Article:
Some lawmakers proposed legislation that would require school employees to disclose not only convictions but also pending charges, WGN reported.

Lyons Mayor Chris Getty told WGN that the school board and superintendents failed both the children and the community.

Cook County Commissioner Jeff Tobolski categorized it as a failure as well.

“My question is, is that the type of individual we want in our classrooms with our students, those types of morals those types of values?” Tobolski asked.

He said he agreed with the mayor’s assessment of the situation.

“I just think that this is as the mayor said, an example of the system breaking down, and so what I want to do is make sure we do a very thorough investigation at this point,” Tobolski opined to WGN.

In an interesting twist, the Joliet School District told WGN in May that they didn’t know that Rodriguez was teaching again until he was fired by the Cicero schools.

He had been collecting paychecks from both districts the entire time he was facing charges, to the tune of $90,000 when his fraud was discovered, according to the Chicago Tribune.

Now he is on paid administrative leave with the Lyons School District.

Rodriguez is due back in court Nov. 28, but in the meantime, his teaching license remains in good standing and he is legally permitted to continue teaching, the Chicago Tribune reported.

Illinois State Board of Education Spokeswoman Jaclyn Matthews said the board cannot act against an educator until after they have been convicted of a crime.

Comments (13)
No. 1-5

maybe the state board cannot take his teaching license, but being paid to teach and being paid on admin. leave, i do not believe you can do both. if he can pay bail for $500,000, he can pay back the money for double dipping.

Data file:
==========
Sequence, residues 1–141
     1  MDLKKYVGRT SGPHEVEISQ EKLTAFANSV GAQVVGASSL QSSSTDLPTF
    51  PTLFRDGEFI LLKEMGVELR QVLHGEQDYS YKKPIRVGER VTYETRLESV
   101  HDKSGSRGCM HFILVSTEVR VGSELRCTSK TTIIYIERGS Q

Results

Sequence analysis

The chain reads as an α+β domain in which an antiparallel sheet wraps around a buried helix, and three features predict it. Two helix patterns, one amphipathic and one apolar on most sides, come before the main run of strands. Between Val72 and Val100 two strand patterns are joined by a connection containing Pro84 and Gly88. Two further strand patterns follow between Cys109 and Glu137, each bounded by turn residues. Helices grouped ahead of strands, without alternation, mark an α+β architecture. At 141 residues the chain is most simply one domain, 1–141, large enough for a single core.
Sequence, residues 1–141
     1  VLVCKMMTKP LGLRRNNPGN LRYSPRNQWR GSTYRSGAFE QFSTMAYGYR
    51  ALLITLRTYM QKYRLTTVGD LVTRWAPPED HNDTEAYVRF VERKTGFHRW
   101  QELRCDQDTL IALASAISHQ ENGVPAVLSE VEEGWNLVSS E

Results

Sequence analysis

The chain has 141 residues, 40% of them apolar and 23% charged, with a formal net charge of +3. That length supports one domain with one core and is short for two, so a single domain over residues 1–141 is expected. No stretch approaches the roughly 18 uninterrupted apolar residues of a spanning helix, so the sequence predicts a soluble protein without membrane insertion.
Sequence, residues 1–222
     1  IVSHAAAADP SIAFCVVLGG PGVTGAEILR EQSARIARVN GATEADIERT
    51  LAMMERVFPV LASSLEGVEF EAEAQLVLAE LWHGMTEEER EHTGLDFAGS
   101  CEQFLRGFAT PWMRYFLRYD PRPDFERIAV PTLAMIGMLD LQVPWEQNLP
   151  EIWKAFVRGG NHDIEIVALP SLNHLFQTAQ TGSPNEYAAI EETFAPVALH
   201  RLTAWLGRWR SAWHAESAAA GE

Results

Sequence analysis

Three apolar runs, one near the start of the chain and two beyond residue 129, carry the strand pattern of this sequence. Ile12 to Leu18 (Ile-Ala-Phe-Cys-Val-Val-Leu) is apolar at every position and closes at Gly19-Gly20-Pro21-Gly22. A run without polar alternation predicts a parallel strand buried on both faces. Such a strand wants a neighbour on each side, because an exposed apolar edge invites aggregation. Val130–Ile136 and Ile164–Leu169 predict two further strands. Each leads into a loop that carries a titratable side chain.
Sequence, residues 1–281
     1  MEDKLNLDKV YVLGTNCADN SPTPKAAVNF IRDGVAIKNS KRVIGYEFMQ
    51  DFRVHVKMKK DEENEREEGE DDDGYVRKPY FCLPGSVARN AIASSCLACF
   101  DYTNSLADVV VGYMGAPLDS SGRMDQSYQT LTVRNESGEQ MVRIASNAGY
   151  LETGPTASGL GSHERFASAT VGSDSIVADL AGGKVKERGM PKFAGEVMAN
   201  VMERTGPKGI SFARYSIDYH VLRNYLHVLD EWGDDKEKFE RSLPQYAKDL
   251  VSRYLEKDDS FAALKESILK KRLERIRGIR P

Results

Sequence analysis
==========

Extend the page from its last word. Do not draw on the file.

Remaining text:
Whatever happened to innocent until proven guilty?


Two men with guns, one dead, only one got off shots and he is the one walking. If I am in a car I can remove myself from the threat rather easily, unless I am acting aggressive. Hard for me to judge when it is appropriate to stop shooting short of running out of bullets.


This is just one of the limitations of criminal histories in Closed Records states. Only convictions are given out in criminal histories and only convictions in which people have been physically arrested and fingerprinted to ensure the convictions in the criminal history are on the the same person. I completely understand the limitations but most law enforcement in these states do not know of the fingerprint requirement. In an age where LEOs are told to cite and release for many crimes to reduce jail overpopulation, we need to be cognizant of this. No cop wants some of these perps teaching in their kid's school or coaching little leagues, working in nursing homes, etc. "On January 1, 1991, the Uniform Conviction Information Act (UCIA) became law in Illinois. This act mandates that all criminal history record conviction information collected and maintained by the Illinois State Police, Bureau of Identification, be made available to the public pursuant to 20 ILCS 2635/1 et seq. This law permits only conviction information to be disseminated to the public."


School unions....